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Neptune

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One company is trying to sell a smartwatch that powers phones, tablets, TVs, and more

Neptune's goal to replace your phone with its watch is wildly ambitious

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Near the end of 2013, a company called Neptune came out with a crazy idea: build a playing card deck-sized smartwatch that could run without a smartphone. It accomplished that feat at the expense of being large and ungainly, making Android Wear behemoths like the Moto 360 look svelte by comparison. Now the company is back with a much more ambitious, yet equally crazy project to reimagine not just the smartwatch, but your phone and tablet, too.

Neptune is calling its new project the Neptune Suite. At its most basic, it's six different pieces of hardware that Neptune promises will work seamlessly with one another. Yet where every major company with a smartwatch (short of Samsung), has put the heavy lifting on people's smartphones for things like network connectivity and apps, Neptune wants to put it on your wrist.

hub

In the middle of it all is a wrap-around, water-resistant smartwatch called "the hub," which has a 2.4-inch capacitive touchscreen, a 3G/LTE modem that works with nano-SIM cards, and runs Android 5.0 Lollipop. Joining it are a "pocket screen" and "tab screen," which expand the screen on the hub using super-fast, short-range wireless standard 802.11ad WiGig. Adding to that are three accessories: a keyboard that can turn the tablet into a notebook of sorts; a dongle with HDMI that will let you push what's on your hub to other screens (like Google's Chromecast); and last but not least, a set of wireless headphones.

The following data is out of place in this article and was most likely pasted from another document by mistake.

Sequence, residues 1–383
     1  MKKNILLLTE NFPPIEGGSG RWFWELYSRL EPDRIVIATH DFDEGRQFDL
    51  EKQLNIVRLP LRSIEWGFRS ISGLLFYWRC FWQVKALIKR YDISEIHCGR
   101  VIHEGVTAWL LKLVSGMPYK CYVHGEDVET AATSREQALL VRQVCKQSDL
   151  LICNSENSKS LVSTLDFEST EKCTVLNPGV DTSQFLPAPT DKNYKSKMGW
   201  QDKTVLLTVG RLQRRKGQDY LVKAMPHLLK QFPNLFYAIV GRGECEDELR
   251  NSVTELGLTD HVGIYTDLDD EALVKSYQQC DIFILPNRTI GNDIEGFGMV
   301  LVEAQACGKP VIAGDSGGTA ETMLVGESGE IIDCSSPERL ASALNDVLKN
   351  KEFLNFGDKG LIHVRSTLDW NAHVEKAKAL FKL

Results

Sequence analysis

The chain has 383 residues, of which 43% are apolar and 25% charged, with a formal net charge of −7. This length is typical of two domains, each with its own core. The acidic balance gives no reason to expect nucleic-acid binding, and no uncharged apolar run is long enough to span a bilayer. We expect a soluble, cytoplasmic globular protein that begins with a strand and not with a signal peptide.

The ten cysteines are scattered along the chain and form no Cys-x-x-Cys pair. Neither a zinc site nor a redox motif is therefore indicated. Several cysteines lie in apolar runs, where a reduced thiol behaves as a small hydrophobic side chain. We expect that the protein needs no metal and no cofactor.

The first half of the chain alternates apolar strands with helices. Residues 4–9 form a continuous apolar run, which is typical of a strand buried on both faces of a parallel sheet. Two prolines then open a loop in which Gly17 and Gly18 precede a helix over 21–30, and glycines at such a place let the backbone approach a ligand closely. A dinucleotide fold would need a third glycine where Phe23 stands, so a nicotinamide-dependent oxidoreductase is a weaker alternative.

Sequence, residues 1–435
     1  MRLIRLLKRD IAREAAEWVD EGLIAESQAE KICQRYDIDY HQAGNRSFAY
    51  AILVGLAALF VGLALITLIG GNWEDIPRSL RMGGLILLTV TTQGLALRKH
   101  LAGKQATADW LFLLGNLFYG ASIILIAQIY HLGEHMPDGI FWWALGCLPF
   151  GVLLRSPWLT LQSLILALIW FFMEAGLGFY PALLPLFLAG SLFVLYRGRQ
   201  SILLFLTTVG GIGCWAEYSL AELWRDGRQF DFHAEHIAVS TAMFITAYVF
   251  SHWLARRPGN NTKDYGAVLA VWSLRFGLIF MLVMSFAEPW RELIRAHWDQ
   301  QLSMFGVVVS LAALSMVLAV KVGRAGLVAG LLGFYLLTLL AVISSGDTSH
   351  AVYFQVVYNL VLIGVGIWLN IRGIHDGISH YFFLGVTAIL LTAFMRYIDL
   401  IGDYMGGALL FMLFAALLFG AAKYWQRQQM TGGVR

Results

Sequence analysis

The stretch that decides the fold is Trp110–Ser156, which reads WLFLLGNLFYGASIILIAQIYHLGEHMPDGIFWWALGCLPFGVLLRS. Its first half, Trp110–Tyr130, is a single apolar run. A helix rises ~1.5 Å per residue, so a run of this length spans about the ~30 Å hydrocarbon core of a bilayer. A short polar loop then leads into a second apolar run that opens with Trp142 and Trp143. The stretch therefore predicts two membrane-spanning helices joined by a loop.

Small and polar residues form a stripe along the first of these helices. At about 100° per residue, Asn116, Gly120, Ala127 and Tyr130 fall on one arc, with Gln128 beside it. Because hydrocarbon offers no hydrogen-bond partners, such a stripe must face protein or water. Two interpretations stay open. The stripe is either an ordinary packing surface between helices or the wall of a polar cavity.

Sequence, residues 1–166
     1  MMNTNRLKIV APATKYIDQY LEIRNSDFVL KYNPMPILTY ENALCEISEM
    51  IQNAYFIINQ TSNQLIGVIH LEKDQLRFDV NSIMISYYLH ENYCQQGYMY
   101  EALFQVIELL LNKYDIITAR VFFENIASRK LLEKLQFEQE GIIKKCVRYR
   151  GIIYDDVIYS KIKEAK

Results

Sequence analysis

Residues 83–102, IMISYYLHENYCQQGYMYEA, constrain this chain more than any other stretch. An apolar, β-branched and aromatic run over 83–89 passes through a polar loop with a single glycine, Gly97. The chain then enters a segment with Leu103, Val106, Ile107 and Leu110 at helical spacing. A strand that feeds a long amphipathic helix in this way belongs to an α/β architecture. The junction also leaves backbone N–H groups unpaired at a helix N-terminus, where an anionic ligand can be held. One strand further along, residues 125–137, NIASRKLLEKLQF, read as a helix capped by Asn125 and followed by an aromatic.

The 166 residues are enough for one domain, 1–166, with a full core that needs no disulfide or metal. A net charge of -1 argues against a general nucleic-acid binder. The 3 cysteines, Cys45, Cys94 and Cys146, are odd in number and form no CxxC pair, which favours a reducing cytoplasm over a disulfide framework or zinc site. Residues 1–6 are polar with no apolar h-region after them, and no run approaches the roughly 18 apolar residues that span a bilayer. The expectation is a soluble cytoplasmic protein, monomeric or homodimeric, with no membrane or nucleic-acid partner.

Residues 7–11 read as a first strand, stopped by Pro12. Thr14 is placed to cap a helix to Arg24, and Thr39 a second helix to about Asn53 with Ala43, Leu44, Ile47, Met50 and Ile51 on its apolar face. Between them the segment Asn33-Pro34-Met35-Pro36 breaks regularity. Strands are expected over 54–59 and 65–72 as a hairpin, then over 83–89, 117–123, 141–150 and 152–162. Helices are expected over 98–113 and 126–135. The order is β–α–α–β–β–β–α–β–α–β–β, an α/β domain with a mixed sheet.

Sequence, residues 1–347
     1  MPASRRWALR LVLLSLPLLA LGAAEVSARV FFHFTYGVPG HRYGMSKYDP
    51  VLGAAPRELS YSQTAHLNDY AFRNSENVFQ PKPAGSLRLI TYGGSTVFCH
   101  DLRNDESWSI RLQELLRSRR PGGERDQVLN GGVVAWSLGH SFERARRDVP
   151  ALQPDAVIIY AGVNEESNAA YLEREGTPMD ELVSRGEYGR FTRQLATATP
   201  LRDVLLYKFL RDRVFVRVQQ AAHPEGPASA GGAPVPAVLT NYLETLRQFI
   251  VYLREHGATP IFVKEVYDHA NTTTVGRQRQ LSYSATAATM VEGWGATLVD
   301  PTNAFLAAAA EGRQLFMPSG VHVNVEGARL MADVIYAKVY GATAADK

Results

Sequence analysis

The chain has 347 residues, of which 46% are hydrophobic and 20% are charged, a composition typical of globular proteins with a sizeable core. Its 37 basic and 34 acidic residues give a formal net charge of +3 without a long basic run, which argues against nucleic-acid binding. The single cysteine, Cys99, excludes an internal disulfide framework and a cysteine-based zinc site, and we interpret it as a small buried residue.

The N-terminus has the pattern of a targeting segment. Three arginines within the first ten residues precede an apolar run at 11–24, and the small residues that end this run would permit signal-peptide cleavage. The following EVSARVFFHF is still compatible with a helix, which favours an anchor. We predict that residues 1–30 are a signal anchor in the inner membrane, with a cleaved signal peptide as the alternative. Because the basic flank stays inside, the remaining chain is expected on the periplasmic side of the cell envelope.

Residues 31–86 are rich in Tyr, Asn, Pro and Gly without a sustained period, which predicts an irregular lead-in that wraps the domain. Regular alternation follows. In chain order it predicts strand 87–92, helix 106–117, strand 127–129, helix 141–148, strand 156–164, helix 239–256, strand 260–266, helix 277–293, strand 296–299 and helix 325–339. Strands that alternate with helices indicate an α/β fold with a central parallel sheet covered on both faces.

The watch is the brain, not your phone

Neptune's big idea here is that you can jump from device to device, depending on what your task is. It's also putting task-specific hardware where you might use it, instead of trying to shoehorn it all onto the watch. That means that while you don't get any cameras on your wrist, you can use the ones that are on the pocket and tab screens, just like you'd expect to on normal phones and tablets. Neptune also promises that both those accessory devices could have better battery life and be cheaper, since they're effectively nothing more than an external display, and not fully functioning devices of their own. If Apple did this, it would be like being able to buy an iPad or iPhone that wouldn't do anything without the Apple Watch, yet might be smaller and cheaper as a result.

On that note, Neptune is promising all six of these devices for $899, and at a reduced price of $599 for early backers of its Indiegogo campaign where it's trying to raise $100,000. Both figures are strikingly low for all the hardware Neptune's promising. Especially compared to the $349 price tag of its previous smartwatch effort, the Pine. The company also hopes to get the entire package out the door by next February, which is less than a year away.

While possibly too ambitious, the idea of putting all the brains and power of mobile computing into something attached to your body (instead of in a pocket or bag) continues to be wildly attractive. Even so, there have been some very good technical reasons that products and platforms from major companies like Google, Microsoft, and Apple haven't gone that route: it's just hard to fit powerful, long-lasting technology on the wrist without making serious compromises, especially when it comes to battery life and basic usability. That might change someday, and at least in Neptune's opinion, we're not going to have to wait long.

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